STUDY IN SLOVENIA
EDUCATION SYSTEM IN SLOVENIA
Education in Slovenia
From primary to secondary schooling and the role of the National Education Institute of the Republic of Slovenia (ZRSŠ) in regulating education programmes, delivery and development. The Slovenian school system has seen a number of changes in recent years, aiming to ensure that as many people as possible realise their right to education, better than before, thus achieving a higher educational level. The education system in Slovenia is almost fully financed from the state budget; a small share of the finance is also contributed from municipal budgets. The educational profile of Slovenia's population is improving. The best educated are those employed in the area of education and public administration, while the unemployed are still less educated than those in employment. More than 17% of persons aged 25 to 64 were in some form of education or training in 2005.98% of primary school leavers decide to continue their education, and 84% of secondary school leavers go on to tertiary education. The number of students has more than doubled since 1991. The share of higher education students per thousand inhabitants has risen from 19.1% in 1991 to 41.1% in 2005. Private (single) higher education institutions can be established as universities or single faculties, art academies and professional colleges. Slovenian or foreign natural or legal entities can establish higher education institutions.
In Slovenia, primary and lower secondary education are on a continuum that lasts for 8 years. For the first 4 years, children remain in one classroom with a master teacher. In year 5 they begin switching classrooms, as their base curriculum of native language, mathematics, a foreign language, physical educations and arts, expands to include 2 specialties in 1 each of physics, geography, chemistry, history, biology housekeeping and craft. This completes the cycle of compulsory education.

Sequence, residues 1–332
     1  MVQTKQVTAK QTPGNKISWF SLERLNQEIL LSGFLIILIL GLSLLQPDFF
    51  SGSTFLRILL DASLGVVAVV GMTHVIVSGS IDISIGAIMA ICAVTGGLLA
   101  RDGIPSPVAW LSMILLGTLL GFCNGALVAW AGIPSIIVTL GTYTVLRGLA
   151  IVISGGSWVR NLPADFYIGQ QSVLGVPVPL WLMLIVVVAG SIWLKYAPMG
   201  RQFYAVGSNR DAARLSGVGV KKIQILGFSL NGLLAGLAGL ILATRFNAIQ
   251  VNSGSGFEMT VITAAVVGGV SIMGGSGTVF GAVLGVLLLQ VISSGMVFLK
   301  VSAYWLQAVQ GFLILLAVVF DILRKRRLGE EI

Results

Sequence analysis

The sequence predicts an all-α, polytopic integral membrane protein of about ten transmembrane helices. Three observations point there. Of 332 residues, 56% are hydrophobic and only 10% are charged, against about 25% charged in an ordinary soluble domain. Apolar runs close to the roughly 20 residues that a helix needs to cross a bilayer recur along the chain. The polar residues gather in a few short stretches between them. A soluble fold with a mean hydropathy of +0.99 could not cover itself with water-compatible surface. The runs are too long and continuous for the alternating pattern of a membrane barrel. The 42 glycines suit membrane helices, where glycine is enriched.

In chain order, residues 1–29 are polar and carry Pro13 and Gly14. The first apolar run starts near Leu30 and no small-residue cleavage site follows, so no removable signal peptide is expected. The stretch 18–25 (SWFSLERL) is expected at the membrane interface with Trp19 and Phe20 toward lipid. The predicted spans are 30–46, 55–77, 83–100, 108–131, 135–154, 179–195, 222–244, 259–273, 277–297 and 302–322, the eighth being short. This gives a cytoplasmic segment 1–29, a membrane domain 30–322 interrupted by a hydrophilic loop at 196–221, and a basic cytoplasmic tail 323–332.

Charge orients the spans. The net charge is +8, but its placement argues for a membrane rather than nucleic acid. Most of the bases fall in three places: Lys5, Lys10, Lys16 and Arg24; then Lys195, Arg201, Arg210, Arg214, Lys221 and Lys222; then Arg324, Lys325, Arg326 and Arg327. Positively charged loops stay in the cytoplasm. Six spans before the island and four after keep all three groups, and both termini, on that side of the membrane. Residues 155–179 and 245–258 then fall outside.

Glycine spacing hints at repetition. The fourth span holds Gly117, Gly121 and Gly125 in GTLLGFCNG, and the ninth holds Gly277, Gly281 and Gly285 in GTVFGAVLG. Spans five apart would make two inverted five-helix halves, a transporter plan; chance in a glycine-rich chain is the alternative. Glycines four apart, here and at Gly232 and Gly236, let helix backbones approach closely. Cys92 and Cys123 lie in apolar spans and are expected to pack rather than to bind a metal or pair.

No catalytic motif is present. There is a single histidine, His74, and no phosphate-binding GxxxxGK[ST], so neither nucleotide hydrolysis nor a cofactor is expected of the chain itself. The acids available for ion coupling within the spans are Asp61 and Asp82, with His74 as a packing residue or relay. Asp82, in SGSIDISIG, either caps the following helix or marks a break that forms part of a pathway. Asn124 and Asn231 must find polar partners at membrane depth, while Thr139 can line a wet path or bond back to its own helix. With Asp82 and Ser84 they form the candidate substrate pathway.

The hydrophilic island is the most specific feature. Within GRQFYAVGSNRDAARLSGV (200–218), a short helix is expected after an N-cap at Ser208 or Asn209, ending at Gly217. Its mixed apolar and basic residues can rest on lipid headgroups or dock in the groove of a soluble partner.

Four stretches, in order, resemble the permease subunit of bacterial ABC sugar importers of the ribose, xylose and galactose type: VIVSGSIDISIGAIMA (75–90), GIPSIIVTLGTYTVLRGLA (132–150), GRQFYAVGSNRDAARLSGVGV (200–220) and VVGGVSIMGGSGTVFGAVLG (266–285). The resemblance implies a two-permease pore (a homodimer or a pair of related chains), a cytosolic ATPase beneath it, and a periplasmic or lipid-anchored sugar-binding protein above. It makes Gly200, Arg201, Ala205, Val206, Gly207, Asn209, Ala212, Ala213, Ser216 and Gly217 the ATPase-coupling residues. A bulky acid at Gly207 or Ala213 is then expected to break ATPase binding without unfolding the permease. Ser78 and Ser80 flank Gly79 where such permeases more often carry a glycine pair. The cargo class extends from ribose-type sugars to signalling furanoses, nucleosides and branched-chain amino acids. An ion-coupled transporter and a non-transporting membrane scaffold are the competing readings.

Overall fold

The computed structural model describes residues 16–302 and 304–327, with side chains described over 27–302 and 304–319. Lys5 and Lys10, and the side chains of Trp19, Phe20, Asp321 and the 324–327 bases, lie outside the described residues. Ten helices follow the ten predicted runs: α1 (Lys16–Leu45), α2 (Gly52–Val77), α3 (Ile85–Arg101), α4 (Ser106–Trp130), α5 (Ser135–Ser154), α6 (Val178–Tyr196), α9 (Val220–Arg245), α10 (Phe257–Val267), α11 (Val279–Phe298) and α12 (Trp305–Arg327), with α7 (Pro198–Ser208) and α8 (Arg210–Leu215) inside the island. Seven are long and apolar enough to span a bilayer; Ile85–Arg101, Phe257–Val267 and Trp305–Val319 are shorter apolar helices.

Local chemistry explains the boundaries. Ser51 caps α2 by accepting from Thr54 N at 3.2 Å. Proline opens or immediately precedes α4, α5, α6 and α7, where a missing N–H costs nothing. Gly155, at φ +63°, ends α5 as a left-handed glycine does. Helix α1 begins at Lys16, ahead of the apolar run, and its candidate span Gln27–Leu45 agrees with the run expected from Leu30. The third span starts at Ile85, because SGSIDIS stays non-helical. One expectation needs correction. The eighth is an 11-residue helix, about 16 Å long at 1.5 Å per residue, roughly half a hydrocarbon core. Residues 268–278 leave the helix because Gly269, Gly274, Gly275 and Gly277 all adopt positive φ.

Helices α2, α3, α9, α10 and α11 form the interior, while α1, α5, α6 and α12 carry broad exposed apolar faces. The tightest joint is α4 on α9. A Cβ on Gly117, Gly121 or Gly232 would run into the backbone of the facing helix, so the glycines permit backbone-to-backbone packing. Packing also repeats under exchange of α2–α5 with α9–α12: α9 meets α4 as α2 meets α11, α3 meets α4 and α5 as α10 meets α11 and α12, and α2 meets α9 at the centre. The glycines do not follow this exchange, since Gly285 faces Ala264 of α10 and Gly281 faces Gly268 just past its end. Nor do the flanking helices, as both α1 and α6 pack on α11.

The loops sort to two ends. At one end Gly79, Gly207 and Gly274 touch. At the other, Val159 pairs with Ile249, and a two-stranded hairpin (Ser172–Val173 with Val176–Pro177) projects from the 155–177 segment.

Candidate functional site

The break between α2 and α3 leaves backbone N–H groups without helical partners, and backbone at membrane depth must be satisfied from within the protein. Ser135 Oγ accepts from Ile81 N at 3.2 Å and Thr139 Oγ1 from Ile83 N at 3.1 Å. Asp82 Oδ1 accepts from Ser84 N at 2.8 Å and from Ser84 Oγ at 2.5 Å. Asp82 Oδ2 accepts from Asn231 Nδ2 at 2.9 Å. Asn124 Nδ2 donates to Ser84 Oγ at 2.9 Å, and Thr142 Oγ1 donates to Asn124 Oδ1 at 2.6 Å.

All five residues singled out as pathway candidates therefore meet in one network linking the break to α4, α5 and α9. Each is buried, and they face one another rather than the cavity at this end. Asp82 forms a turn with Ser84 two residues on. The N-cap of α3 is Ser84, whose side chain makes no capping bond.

There are 3 possibilities to follow at secondary school level. Vocational education lasts 2.5 years leading directly to the labor market. Technical education programs in different themes last for 4, as do the general education courses that lead on to international baccalaureate and perhaps university too.
European Union membership and increasing globalization are new challenges that Slovenia's vocational education training structures must face. Key strategies include improving the quality of trainers, the roles of social partners, and systems for quality control and guidance.
Post-secondary technical training takes place at higher vocational colleges, where 2-year programs culminate with a diploma thesis and its defense. There are a variety of universities too, of which the oldest, the University of Ljubljana was founded in 1919 and now has in excess of 65,000 students.
It now boasts 23 faculties and 3 academies distributed throughout the urban area, and is regarded as a pillar of academic stability that successfully survived the military and political turmoil of the 20th Century.